Southbound Thru-Hikers: The Appalachian Trail Hiker Survey

Since I finished my Appalachian Trail (AT) thru-hike in 2014, I’ve been working with The Trek to survey thru-hikers each year. Most of the hikers who take our surveys are northbounders (or NOBOs), since most AT hikers walk from Georgia to Maine. Hiking southbound (or SOBO) from Maine to Georgia is less common (although somewhat ironically, the creators of the AT assumed more people would hike southbound, which is why signs and AT-branded items usually read “Maine to Georgia”). It is even less common to flip-flop, or hike from someplace in the middle to one end, then the middle to the other end, or an end to the middle.

Because SOBO and flip-flop hikes are less common, it’s taken several years of surveying thru-hikers to have enough data to look at trends among SOBOs specifically. (And we still don’t have enough data to look at flip-flop hikes). So I re-analyzed data we had from previous surveys to look at ways southbounders’ gear choices, favorite sections, and most difficult sections might be different from those of northbounders. I was wrong in my guesses about some of these trends—probably because I hiked NOBO! For details and graphs, keep reading—otherwise skip to the TL;DR at the end.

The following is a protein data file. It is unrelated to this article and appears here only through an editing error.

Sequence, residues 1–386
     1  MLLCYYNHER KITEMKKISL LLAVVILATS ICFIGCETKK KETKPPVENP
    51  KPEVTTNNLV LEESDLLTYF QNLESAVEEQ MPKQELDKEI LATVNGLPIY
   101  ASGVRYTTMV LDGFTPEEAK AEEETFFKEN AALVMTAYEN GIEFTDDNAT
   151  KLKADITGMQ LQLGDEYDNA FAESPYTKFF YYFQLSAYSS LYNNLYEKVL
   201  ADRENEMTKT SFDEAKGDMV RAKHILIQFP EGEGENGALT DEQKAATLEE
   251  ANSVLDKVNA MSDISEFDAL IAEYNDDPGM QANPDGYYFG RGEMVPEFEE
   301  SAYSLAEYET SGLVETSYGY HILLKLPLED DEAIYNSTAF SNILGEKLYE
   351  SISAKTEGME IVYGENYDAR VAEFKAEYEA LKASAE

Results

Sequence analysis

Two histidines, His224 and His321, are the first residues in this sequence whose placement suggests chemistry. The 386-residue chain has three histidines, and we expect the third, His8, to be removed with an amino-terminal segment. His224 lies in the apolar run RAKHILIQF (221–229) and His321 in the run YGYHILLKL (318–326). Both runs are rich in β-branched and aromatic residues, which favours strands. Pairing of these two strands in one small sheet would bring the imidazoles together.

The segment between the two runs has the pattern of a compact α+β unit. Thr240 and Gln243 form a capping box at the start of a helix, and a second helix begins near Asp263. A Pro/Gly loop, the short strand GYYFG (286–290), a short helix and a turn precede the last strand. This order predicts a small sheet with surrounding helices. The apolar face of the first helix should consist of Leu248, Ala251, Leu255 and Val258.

The Sample of Hikers

For boring math reasons, it would be problematic to compare a small sample of southbounders to many, many more northbounders. So instead, I did matched comparisons. This means I found a northbounder to compare each southbounder to who had thru-hiked the same year, had the same amount of prior hiking experience, was the same sex, and was a similar age (most were within a year of each other’s age). In total, we have surveyed 42 southbounders: 10 from our 2019 survey, 7 from our 2018 survey, 20 from our 2017 survey, and 5 from our 2016 survey. For the first surveys in 2014 and 2015, we unfortunately did not ask about the direction of the hike.